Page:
Back in April, about a month into distance learning, Frank and I were chatting over lunch and I floated the idea of homeschooling. Like, really homeschooling with our own curriculum and schedule. It would mean pulling our girls out of our beloved neighborhood school, where they are known and loved. It would mean Elle missing out on the sweetest year of teddy bear picnics and leaf mosaics. It would mean a shift in my own identity as a fierce advocate for choosing our flawed public school. It would mean even more of a loss of time and space as we chose to spend every moment together.

Frank was immediately on board, listing all of my professional qualifications for considering this adventure. I overanalyzed it with friends, questioning every projection and news article about the scope and curve of COVID, listing pros and cons, and asking for advice. I found three boxes in our basement filled with lesson plans and materials from my teaching days, marveling at all I’d kept. I was pregnant with Bea when I taught third grade and now I faced the idea of teaching my own third grader.

Even though it took months before I sent our official intent to withdraw to the district, I leaned into that initial gut instinct that this would be a year to reframe our view of learning, education, and community. We aren’t pulling the girls out forever but viewing this more as a sabbatical year. A time to rest and connect during a stressful season. A time to take a tiny bit of control over the potential starts-and-stops of returning to a classroom environment in the midst of a pandemic. A time to deconstruct mainstream history and look at our nation’s foundations through perspectives that often go unheard.

We originally made this choice because of COVID but as the year actually began, I knew I had to shift my perspective. What began as a response to something out of our control morphed into a gift given to us. We are homeschooling because of the gift of uncertainty. We are using this unexpected opportunity to have a family adventure.

I know this year won’t be all magical. Two days in, we’ve already had moments of stress. But we’ve also had sweet moments and I’ve gotten to see my girls learning up close and in a way I hadn’t when I was simply their mom. Shifting my perspective means knowing that we’ll have incredible days and hard days, just like we did before COVID, just like we did when we walked to school every morning. Some parts of life will always be consistent.

This gift of an opportunity has made me open my eyes to other moments from the past six months that likely would never have happened otherwise. Daily hikes, watching church over brunch with “bubble friends,” and an appreciation for smaller things just around the corner. I hope that, if we learn nothing else this year, it’s that we should look small first. Look small for help – who in our community knows something we don’t? Look small for adventures – what park has a hidden trail, just around the corner? Look small for family foundations – how can we lean into our relationships without distractions?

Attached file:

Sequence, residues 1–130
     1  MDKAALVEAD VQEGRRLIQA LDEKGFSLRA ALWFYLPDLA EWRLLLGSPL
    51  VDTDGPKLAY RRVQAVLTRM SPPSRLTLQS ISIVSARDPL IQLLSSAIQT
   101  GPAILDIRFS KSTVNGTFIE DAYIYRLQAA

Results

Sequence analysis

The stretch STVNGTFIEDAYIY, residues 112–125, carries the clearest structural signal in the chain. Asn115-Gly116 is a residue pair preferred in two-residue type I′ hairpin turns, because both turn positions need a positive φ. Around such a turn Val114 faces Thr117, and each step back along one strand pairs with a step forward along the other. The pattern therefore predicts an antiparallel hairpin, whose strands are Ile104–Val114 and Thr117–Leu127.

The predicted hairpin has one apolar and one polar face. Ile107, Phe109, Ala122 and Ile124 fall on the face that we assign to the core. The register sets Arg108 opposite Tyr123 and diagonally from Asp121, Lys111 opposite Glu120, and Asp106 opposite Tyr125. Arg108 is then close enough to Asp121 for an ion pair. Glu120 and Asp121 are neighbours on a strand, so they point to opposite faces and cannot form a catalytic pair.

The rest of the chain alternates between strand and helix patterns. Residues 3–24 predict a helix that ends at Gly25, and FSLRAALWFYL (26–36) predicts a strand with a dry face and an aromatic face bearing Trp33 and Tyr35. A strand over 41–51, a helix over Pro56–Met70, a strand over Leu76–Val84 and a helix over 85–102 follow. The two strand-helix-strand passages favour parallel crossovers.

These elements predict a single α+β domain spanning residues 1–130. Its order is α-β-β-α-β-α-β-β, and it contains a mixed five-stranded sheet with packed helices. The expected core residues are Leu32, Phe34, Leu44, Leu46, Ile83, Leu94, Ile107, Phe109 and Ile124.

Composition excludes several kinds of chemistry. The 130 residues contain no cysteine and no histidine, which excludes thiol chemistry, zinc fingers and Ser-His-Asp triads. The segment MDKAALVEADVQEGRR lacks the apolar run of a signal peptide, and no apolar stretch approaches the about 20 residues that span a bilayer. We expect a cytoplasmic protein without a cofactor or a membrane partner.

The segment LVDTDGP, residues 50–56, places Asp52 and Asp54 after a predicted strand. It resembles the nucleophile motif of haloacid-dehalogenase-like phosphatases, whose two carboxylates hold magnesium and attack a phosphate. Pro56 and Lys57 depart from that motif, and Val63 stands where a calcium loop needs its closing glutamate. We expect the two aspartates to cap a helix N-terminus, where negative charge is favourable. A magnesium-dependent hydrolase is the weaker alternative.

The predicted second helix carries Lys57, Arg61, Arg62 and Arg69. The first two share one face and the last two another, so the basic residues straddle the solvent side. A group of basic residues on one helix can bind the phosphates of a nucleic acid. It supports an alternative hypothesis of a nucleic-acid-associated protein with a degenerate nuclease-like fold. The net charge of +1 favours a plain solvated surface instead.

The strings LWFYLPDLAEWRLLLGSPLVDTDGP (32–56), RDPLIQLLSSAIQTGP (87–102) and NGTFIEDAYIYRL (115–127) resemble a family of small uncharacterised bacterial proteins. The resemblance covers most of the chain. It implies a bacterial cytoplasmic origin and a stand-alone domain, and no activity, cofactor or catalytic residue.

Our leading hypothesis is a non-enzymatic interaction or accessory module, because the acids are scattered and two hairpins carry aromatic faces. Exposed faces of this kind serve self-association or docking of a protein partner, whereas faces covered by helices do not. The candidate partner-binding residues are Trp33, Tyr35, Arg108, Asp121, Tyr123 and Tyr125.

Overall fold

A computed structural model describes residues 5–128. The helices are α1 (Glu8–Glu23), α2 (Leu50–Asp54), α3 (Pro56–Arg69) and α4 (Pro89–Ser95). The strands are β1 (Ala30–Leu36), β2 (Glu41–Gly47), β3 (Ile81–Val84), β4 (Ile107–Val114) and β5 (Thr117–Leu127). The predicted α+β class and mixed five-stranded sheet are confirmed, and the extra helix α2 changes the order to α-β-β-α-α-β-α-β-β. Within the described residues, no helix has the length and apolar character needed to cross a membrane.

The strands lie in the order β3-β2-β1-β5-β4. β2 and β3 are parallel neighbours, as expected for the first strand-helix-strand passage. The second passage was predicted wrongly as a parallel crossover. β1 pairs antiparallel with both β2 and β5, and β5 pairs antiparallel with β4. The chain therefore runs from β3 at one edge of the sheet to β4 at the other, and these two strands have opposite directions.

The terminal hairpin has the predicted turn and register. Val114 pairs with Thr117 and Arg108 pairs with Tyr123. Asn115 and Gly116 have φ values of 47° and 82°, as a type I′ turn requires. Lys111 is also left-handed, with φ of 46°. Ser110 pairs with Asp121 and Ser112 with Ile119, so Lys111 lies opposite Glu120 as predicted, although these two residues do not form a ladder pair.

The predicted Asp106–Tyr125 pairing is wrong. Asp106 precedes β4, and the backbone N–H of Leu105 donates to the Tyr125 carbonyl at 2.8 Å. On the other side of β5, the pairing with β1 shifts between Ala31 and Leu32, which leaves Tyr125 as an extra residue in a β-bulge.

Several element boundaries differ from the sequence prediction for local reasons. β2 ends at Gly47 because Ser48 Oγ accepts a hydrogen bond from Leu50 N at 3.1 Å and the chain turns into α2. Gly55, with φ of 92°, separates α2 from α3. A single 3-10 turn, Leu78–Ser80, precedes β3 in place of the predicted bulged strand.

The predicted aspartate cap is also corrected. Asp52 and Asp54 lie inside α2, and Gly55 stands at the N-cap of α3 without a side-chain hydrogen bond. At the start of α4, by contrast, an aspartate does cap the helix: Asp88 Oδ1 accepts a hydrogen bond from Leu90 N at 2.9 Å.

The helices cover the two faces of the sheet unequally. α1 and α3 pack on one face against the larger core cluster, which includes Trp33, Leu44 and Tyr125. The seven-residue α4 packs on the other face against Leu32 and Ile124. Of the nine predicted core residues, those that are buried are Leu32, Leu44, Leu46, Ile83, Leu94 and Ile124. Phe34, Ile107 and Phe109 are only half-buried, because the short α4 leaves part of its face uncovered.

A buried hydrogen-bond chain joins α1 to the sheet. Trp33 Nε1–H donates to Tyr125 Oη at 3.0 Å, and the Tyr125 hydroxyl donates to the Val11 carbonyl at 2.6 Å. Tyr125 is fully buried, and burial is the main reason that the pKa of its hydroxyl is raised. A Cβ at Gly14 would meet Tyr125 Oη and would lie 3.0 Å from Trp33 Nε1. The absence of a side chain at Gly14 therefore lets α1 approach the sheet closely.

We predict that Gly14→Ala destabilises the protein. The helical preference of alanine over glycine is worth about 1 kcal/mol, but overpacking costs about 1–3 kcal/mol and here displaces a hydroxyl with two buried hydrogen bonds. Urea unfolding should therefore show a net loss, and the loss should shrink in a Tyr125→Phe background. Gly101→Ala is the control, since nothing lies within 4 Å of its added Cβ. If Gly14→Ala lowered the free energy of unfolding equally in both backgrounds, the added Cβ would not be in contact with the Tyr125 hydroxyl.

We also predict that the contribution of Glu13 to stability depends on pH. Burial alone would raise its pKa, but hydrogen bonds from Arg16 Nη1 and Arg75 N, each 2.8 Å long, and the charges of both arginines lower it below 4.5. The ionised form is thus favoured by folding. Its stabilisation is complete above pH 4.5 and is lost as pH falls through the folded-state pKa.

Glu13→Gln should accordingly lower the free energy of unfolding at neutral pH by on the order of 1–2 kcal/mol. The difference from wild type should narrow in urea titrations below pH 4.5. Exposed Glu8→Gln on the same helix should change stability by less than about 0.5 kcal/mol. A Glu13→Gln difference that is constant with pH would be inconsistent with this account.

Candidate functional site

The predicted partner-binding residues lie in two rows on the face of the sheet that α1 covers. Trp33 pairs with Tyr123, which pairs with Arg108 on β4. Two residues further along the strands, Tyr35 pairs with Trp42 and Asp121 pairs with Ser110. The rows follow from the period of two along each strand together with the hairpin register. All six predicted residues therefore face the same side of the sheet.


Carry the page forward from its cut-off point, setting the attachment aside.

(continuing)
Who knows what this year will actually hold for us. It could open doors we had never dreamed of before. We could return to our school next fall with a greater appreciation for that community and building. I love the unknown of this – the fact that it was never part of our future plans and so holds no expectations. What I do know is that we are ready to reframe our thinking, not just around the school year but around all we plan.

What are some gifts that have come out of this time of uncertainty for you? How are you reframing life these days?

4 thoughts on “The Gift of Uncertainty

  1. Hey Annie, as usual, it’s great to get your take on life! Before Covid I could not imagine home-schooling and thought everyone who did it was nuts (I am British, it is very very unusual for us to undertake this). But during Covid I began to get a feel for what it would be like to shape and frame everything that our children learn. Of course it can be ‘abused’ and result in a very narrow world-view and restricted thinking, but that would be worst-case. And it sounds like you are striving at completely the opposite! I wish you lots of joy and satisfaction in this new venture! I also love the way you see it as a sabbatical – great idea. Nothing has to last forever. Love from Switzerland.

    1. I had always assumed most homeschoolers did so out of fear. While I do think it’s important to check motivation, this experience has made me recognize there’s so much more to our educational decisions. I think this is going to be a year of a lot of deconstruction and learning – on so many levels! But also a year for a lot of growth and memories. Best of luck to you guys, as well! xo

  2. The title was enough to make me stop and consider things as gifts that I’ve thought anything but. Your perspective is one I need to adapt more and it can be as simple as rephrasing things. Thanks, Annie.

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